The claimant's lack of treatment detracts from his credibility as well. He has not had surgery and he is not a surgical candidate. He has not attended a back school or a pain clinic. The claimant received physical therapy for, apparently, only one week. He has not received acupuncture treatment either. The claimant has not been using a back brace or a TNS unit. He does not use and is not in need of any ambulatory aids.
(E.R. 15). The factors identified in this case are similar to those relied upon in Matthews and suggest that Hooper's claims of subjective pain have been exaggerated. Moreover, the Secretary did not discount Hooper's claims completely; the Secretary simply found that they "are credible only to the extent that they are consistent with the decision that he remains capable of performing a limited range of light work activities." (E.R. 15).
We conclude that the Secretary's finding that Hooper's problems were not equivalent to a conclusively presumptive disability did not conflict with the evidence from the professionals who examined Hooper. This finding is supported by substantial evidence in the record, as the Secretary constructed a hypothetical for the vocational expert using the limitations established by the examiners.
B. Step Five: Can the Claimant Perform Other Work?
Hooper also claims that the Secretary erred in determining that he could perform other substantial gainful activity, either as an assembler or as an alarm monitor. Again, we disagree.
Hooper's argument that the Secretary erred in determining that he could perform the job of assembler rests on his claim of subjective pain. Hooper claims that he cannot perform any work because his pain frustrates him, and in response to the frustration, he destroys whatever he is working on.
However, as we noted above, the Secretary had a sufficient basis for rejecting Hooper's claim of subjective pain. As a result, Hooper's claim that he could not work as an assembler was properly rejected.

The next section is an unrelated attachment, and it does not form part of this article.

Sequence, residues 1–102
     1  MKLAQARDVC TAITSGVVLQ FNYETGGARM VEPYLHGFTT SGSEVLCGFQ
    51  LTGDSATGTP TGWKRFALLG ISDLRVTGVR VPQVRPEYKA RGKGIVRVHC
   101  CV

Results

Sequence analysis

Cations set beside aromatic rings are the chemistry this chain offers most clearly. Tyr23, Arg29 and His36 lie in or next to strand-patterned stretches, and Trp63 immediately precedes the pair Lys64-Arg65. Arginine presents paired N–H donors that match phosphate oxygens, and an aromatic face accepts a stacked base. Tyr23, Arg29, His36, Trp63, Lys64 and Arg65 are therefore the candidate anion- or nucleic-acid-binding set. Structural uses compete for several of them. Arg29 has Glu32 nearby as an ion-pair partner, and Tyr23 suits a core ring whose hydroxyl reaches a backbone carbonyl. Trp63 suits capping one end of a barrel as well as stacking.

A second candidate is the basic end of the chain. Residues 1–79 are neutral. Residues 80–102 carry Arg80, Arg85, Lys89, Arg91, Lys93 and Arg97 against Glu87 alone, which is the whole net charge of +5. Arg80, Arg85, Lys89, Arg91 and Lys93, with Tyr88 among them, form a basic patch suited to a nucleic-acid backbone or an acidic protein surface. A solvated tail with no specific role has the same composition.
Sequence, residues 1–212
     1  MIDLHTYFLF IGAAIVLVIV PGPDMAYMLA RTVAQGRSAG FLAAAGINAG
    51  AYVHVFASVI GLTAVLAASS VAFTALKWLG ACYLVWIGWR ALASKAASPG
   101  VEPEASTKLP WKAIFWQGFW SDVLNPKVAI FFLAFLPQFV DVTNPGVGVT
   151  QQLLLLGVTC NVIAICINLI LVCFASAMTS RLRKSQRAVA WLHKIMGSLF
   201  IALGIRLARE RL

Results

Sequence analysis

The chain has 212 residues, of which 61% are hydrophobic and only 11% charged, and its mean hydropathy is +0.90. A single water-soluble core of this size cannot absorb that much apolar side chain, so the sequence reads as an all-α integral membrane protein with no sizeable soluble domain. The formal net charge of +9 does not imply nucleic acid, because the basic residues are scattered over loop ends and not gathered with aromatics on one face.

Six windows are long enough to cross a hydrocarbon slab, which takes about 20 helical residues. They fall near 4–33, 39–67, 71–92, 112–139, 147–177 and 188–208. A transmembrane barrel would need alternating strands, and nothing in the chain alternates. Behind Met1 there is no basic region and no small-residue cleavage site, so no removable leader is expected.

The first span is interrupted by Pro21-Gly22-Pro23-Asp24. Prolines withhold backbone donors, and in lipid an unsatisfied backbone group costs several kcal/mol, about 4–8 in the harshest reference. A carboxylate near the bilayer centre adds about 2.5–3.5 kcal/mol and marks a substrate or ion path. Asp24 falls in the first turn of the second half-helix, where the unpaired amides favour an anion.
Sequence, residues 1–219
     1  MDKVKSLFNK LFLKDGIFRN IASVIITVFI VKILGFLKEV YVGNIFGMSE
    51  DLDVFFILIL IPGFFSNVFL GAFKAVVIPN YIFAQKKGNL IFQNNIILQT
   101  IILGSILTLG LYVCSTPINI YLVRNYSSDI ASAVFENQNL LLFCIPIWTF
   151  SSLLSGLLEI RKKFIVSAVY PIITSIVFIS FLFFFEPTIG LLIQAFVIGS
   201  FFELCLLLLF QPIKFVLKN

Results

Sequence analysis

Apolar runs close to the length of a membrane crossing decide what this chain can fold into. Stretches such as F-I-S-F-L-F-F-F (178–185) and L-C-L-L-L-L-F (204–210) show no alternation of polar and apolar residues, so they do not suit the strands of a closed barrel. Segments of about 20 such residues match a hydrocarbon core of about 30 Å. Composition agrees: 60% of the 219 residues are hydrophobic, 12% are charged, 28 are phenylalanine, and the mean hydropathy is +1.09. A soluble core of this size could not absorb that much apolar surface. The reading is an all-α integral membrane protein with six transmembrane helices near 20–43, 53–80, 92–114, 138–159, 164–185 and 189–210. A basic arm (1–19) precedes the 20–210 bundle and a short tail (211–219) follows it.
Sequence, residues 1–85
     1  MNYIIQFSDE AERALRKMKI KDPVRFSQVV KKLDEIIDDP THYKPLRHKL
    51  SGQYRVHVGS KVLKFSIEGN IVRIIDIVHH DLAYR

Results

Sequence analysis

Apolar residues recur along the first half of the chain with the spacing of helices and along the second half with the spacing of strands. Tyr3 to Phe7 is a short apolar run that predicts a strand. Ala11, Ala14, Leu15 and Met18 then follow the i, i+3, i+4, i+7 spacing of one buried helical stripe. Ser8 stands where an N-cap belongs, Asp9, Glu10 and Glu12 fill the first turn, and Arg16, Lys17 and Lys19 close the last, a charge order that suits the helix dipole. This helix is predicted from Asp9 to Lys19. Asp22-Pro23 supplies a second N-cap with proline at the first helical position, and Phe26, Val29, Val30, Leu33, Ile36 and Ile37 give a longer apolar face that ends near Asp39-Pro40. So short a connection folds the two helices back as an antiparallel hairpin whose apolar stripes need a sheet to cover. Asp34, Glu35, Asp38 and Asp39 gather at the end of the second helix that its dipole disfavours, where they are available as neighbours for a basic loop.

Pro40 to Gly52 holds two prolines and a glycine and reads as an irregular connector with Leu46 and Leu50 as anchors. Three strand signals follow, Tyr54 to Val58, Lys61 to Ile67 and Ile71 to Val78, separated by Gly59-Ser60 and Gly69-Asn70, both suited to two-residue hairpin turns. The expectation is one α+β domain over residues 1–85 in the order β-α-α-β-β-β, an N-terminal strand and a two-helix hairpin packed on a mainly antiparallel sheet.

Since Hooper did not raise any other deficiencies with the job of assembler at the hearing, we conclude that the Secretary had substantial evidence for determining that Hooper could perform the task of being an assembler.
Hooper also claims that the Secretary erred in concluding that Hooper could perform as an alarm monitor. In light of our conclusion that the Secretary's properly found that Hooper could perform as an assembler, this claim is moot.
We affirm the district court's grant of summary judgment, as the undisputed facts show that the Secretary's finding that Hooper was still capable of employment was supported by substantial evidence in the record.
The panel unanimously finds this case suitable for decision without oral argument. Fed. R. App. P. 34(a) and Ninth Circuit Rule 34-4
Shirley S. Chater, Commissioner of Social Security, substituted for Donna E. Shalala, Secretary of Health and Human Services, pursuant to Pub. L. No. 103-296 and Fed. R. App. P. 43(c) (1)
The Honorable Edward Rafeedie, United States District Court Judge for the Central District of California, sitting by designation
This disposition is not appropriate for publication and may not be cited to or by the courts of this circuit except as provided for by Ninth Circuit Rule 36-3